SDSU astronomers pinpoint two new 'Tatooine' planetary systems

January 07, 2020

Astronomers announced Monday the first discovery made by NASA's TESS mission of a two-star planetary system. Led by researchers at NASA's Goddard Space Flight Center and San Diego State University, with other collaborators, the telescope satellite's finding marks the start of a much better understanding of the population of such planetary systems.

On behalf of the international team of 60 investigators, the work was presented by researcher Veselin Kostov at the 235th meeting of the American Astronomical Society in Honolulu.

The new planet, called TOI-1338 b, is about 6.9 times larger than Earth. It orbits its pair of host stars every 95 days. One of the stars is more massive and much brighter than the other, and as the planet orbits around it blocks some of the light from the brighter star. This transit allows astronomers to measure the size of the planet. The transit was first found in the TESS data by a high school student working at NASA with Kostov over the summer.

"Our analysis confirmed the transit was caused by a circumbinary planet and we were able to measure the planet's properties," said SDSU astronomer Jerome Orosz.

A dozen such Tatooine-like planets--so named for the desert world in "Star Wars"-- were found with NASA's Kepler Mission, which ended in 2013. The orbiting TESS telescope, launched in 2018, will cover nearly the whole sky and enable many more discoveries, perhaps as many as 100 new circumbinary planets. A sample size that large will allow a statistical analysis of the population, which to date has not been possible because too few systems are known.

New Kepler planet

Helping to boost the numbers, SDSU astronomers at the AAS meeting also revealed a new Kepler circumbinary planet, called KOI-3152 b.

"We first noted convincing evidence for this planet in 2012, but confirmation required additional data and improvements in computer modeling," said SDSU astronomer William Welsh. "In particular, star spots on the primary host star and a weak eclipse signal from the second star made the analysis difficult."

In 2019, Welsh's master's thesis student Quentin Socia accepted the challenge and spearheaded the investigation.

KOI-3152 b is located 1,347 light-years away and is 3.9 times the size of the Earth. It orbits its binary stars every 175 days. Although KOI-3152 b straddles the hot edge of the habitable zone, it is a low-density gaseous planet and not able to support life as we know it. This work has been accepted for publication in The Astronomical Journal.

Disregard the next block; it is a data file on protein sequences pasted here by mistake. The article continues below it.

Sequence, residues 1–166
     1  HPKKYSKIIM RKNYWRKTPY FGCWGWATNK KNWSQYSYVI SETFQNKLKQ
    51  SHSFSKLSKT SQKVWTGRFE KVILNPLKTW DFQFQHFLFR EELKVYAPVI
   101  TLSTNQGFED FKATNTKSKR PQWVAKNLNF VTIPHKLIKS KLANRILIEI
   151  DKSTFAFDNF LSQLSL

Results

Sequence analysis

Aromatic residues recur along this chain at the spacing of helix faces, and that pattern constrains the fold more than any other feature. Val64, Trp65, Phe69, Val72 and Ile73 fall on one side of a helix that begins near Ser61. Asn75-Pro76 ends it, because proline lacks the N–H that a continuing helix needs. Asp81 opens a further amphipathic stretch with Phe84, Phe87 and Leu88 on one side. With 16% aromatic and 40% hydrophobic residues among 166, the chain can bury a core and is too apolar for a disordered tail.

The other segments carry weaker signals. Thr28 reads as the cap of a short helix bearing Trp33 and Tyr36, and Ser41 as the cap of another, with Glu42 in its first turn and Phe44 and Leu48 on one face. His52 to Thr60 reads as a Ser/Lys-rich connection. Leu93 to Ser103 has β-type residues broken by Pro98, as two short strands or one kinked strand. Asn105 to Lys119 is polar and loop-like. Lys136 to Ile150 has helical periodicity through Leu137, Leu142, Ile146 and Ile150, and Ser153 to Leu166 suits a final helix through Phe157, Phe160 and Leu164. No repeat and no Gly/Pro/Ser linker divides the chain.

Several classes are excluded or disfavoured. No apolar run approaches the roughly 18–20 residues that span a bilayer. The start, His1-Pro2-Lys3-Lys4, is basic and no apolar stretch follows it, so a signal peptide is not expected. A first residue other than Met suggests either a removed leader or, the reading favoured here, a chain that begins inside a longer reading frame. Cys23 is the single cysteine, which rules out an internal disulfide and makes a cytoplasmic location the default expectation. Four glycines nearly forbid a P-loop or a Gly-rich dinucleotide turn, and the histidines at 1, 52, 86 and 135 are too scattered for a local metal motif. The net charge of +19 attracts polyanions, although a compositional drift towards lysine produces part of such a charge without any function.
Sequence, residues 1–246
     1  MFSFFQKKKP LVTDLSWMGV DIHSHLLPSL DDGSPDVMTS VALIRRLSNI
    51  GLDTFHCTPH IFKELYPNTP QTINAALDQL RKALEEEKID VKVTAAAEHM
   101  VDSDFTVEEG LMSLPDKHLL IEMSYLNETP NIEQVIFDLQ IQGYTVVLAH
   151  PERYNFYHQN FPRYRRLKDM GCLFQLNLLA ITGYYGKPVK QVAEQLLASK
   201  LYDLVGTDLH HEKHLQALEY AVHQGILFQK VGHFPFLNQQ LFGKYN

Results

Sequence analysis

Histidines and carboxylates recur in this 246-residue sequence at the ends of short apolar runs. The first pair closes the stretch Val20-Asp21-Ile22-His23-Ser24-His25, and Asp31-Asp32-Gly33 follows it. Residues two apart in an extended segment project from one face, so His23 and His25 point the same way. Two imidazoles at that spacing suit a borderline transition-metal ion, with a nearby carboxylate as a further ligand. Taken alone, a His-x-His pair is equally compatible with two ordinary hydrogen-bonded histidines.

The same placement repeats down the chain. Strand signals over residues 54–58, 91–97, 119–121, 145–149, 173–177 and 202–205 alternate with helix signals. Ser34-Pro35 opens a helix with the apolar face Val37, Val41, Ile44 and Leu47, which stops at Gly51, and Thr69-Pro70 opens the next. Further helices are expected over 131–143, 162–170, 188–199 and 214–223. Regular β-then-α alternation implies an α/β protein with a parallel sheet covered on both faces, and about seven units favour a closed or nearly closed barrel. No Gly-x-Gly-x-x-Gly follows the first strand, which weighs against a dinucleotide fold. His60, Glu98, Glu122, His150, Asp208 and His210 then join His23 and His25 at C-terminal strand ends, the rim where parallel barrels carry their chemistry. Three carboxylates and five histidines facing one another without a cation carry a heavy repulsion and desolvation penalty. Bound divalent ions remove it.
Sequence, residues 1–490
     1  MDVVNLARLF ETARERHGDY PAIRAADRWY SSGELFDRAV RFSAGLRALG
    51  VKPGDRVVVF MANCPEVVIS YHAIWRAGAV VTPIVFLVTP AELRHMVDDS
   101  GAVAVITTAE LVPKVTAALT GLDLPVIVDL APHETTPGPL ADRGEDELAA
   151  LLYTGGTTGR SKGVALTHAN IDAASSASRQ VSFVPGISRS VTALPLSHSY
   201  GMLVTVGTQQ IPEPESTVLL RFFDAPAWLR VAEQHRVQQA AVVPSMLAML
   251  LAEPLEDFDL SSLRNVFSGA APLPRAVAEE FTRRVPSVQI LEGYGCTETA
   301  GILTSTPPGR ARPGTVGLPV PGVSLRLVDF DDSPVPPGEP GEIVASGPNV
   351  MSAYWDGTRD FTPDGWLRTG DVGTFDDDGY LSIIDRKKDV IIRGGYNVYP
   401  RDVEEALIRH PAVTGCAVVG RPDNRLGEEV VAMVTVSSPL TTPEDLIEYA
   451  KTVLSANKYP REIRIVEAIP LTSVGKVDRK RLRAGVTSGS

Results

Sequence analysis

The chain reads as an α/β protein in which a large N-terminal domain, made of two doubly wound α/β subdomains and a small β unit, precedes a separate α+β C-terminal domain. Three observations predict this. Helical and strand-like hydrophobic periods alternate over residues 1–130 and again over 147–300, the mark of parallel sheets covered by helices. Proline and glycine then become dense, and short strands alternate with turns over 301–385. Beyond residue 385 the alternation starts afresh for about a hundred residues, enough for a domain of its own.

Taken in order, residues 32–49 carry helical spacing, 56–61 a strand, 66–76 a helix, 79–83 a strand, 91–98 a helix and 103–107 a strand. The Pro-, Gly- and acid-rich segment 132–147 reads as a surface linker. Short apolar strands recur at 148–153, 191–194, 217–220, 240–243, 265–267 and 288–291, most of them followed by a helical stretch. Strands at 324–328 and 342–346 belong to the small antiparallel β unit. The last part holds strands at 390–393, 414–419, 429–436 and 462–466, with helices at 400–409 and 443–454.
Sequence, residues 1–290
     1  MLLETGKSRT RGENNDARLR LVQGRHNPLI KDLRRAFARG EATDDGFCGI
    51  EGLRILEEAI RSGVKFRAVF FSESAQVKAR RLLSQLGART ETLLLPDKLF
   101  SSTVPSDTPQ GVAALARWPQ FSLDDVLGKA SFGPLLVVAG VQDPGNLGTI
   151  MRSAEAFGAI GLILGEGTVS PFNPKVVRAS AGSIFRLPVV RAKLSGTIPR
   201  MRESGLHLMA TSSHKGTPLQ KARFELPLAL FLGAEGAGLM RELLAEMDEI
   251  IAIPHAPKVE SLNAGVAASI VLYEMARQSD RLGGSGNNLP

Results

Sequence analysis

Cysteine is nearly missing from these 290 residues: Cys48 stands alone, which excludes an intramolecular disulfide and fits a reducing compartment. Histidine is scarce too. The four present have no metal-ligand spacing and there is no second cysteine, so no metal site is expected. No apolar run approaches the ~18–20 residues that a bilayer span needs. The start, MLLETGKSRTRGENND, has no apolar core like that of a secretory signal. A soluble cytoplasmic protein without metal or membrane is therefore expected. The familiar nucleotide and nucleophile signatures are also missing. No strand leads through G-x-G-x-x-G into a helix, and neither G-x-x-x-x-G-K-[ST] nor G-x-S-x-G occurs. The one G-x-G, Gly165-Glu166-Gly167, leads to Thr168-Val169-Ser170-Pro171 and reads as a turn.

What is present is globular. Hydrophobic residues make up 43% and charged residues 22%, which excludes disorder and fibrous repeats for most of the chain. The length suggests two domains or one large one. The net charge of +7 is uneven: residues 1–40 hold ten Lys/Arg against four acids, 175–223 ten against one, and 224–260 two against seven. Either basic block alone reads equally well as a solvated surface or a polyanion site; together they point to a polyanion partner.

This finding marks the latest discovery made by the SDSU team using Kepler Mission data. Their pioneering work established this new type of planet and includes the discovery of the most interesting of the circumbinary planets, the Kepler-47 system, consisting of three planets orbiting two stars.
-end-
This work was supported in part by grants from NASA and the National Science Foundation, and by a donation to San Diego State University by John Hood, Jr.

"TOI-1338: TESS' First Transiting Circumbinary Planet"

Kostov, et al., 2020 Astronomical Journal (submitted)

"KOI-3152 b: A Neptune-sized Kepler Transiting Circumbinary Planet Around a Grazing Eclipsing Binary"

Socia, et al., 2020 Astronomical Journal (accepted)

San Diego State University

Related Planets Articles from Brightsurf:

Stars and planets grow up together as siblings
ALMA shows rings around the still-growing proto-star IRS 63

Two planets around a red dwarf
The 'SAINT-EX' Observatory, led by scientists from the National Centre of Competence in Research NCCR PlanetS of the University of Bern and the University of Geneva, has detected two exoplanets orbiting the star TOI-1266.

Some planets may be better for life than Earth
Researchers have identified two dozen planets outside our solar system that may have conditions more suitable for life than our own.

Fifty new planets confirmed in machine learning first
Fifty potential planets have had their existence confirmed by a new machine learning algorithm developed by University of Warwick scientists.

Rogue planets could outnumber the stars
An upcoming NASA mission could find that there are more rogue planets - planets that float in space without orbiting a sun - than there are stars in the Milky Way, a new study theorizes.

Could mini-Neptunes be irradiated ocean planets?
Many exoplanets known today are ''super-Earths'', with a radius 1.3 times that of Earth, and ''mini-Neptunes'', with 2.4 Earth radii.

As many as six billion Earth-like planets in our galaxy, according to new estimates
There may be as many as one Earth-like planet for every five Sun-like stars in the Milky way Galaxy, according to new estimates by University of British Columbia astronomers using data from NASA's Kepler mission.

How planets may form after dust sticks together
Scientists may have figured out how dust particles can stick together to form planets, according to a Rutgers co-authored study that may also help to improve industrial processes.

Planets around a black hole?
Theoreticians in two different fields defied the common knowledge that planets orbit stars like the Sun.

The rare molecule weighing in on the birth of planets
Astronomers using one of the most advanced radio telescopes have discovered a rare molecule in the dust and gas disc around a young star -- and it may provide an answer to one of the conundrums facing astronomers.

Read More: Planets News and Planets Current Events
Brightsurf.com is a participant in the Amazon Services LLC Associates Program, an affiliate advertising program designed to provide a means for sites to earn advertising fees by advertising and linking to Amazon.com.